Finally I have a real question. Given what you have said, what would the difference in the pH be of (say) your P-C-Borax developer above using an unlikely but possible scenario that one had a box of pentahydrate versus a box of pure decahydrate and made the developer from one or the other?
Approximately 20g /litre would show a difference of how much pH?
My suspicion is that the single decimal place pH meter wouldn't help one distinguish the one from the other. Yes/no?
We like to catalog and categorize things to make general rules about how to change things. We have solvent developers, non-solvent developers, high acutance developers, and on and on. With a good lens sharply focussed on the subject of interest, why should we not be satisfied with what we saw on the ground glass or in the viewfinder? How would you categorize a sulfiteless solution of Phenidone, ascorbic acid and borax in water? I did it to see what would happen. Where's the preservative? How can I have fine grain without a silver halide solvent? Thus far, I have tested only HP5+ and Arista EDU 400, and I have 11x14 prints that show no grain from greater than 6" viewing distance.
Of course, ascorbic acid is an antioxidant. At the pH of borax, one could wait all day and not see any sign of development, but add a pinch of Phenidone and Voila! Is it synergism, or simply rapid regeneration of Phenidone by the ascorbate, or are both the same? Is the ascorbate also a solvent of silver halides? I have read that it is a surface developer which fact makes its grain finer, but it wasn't even a developer until I added the Phenidone. But who cares about all this if it works?
Forgive the ramble.
I was all set to process my 2kg of borax as you describe (except I was planning to return the supernatant to the boiler each time for the next 500g so's not to lose the 47g/l) when I went to Google and found the MSDS for both brands that I have here. They are both described as tetrahydrate 99/100% depending on the brand.
I put away the kettle and borax.
My final move would've been to cool the last supernatant in the photo fridge to get almost all the borax back.
Selling tetrahydrate makes sense commercially - why give the customer the more concentrated pentahydrate if one can sell some water with it?:)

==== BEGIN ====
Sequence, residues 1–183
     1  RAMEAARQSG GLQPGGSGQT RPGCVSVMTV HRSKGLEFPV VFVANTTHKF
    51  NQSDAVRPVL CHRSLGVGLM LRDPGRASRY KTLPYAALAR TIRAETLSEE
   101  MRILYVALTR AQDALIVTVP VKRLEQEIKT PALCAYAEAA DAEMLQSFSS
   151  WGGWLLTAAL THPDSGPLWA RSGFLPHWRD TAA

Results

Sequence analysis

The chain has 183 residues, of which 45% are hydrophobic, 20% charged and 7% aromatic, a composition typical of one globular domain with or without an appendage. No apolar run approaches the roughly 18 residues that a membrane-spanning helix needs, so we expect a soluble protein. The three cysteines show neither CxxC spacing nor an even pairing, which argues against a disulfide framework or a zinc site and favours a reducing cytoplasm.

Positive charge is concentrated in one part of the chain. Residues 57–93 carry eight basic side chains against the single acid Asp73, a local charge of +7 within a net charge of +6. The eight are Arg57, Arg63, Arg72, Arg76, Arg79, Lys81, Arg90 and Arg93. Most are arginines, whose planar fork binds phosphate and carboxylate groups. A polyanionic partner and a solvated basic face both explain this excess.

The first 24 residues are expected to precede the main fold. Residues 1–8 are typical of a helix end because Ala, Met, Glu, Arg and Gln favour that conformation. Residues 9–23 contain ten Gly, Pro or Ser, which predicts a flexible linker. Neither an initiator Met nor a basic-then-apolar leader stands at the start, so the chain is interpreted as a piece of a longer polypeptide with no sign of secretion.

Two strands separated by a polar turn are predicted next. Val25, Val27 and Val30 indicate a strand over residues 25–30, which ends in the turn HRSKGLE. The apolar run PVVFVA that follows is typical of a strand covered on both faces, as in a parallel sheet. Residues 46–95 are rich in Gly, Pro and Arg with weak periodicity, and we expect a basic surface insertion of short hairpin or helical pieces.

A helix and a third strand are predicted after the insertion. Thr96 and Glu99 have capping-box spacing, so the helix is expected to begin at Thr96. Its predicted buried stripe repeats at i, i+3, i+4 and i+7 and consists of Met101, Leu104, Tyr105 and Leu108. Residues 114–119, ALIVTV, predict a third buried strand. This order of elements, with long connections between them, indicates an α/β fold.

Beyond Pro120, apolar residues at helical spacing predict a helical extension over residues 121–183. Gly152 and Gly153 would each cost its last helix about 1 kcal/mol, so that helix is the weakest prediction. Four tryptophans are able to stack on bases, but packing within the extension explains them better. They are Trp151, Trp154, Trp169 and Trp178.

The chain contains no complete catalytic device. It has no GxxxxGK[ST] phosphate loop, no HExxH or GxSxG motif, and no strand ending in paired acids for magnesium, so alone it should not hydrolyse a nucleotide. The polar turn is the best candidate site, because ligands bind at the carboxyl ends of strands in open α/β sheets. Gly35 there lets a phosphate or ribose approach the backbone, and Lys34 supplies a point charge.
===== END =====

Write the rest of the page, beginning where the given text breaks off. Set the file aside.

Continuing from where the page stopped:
The P-C-Borax does indeed work well. I especially liked it with Copex rapid as a stand developer. I just don't know how long it lasts, made up. I used it as a one-shot. Borax is much more soluble in glycerine and ethylene glycol - maybe it's possible to make a concentrate?
The problem is not always in what you bought, but in how long and under what humidity conditions it has been kept. When you open the container, if the humidity is low, some of the decahydrate is likely to become pentahydrate. Over the course of time, although the borax can still be considered to be the same purity as when you got it, the water content may not be. Or, it may be. If it's in a saturated solution, you know the equivalent weight % of the decahydrate by the temperature of the solution, but there's a lag. But if you make a saturated solution at a given temperature, let it stabilize, and decant some of the liquid, that part will have that same concentration at any higher temperature. It's really a simple thing to do and is common lab practice where accuracy is important. If your borax is pure enough, there is no need to do the purification steps, but it's still a good idea to keep the saturated solution. It is much simpler to measure out a certain liquid volume to the nearest ml than to weigh out to the nearest 0.1 g. Besides, if you really think 0.1 gram precision is required, you may not get it with a solid that has two possible states of hydration.
Not only was I going to ensure there was tetrahydrate (not necessarily for long, you tell me) but since the stuff is so pure it was my intention to allow any small amt. of impurity build up in the supernatant as a solution without tossing 47g/l every time. Just being frugal.
My daughter noticed the temperature gauge shoot up and sped home in case it blew up!
Murray, I'm not upset with you for tinkering with my illustrations. I'm posting the comparison that really counts, the one between SPF-3 and Rodinal 1+25. All I have to do now is find where I saved them.
They are "hybrid" photos, using a flat bed scanner at 600 dpi to read 11x14 analog prints. If you print them to 8x10, you should view them from about 6 ft to get proper perspective.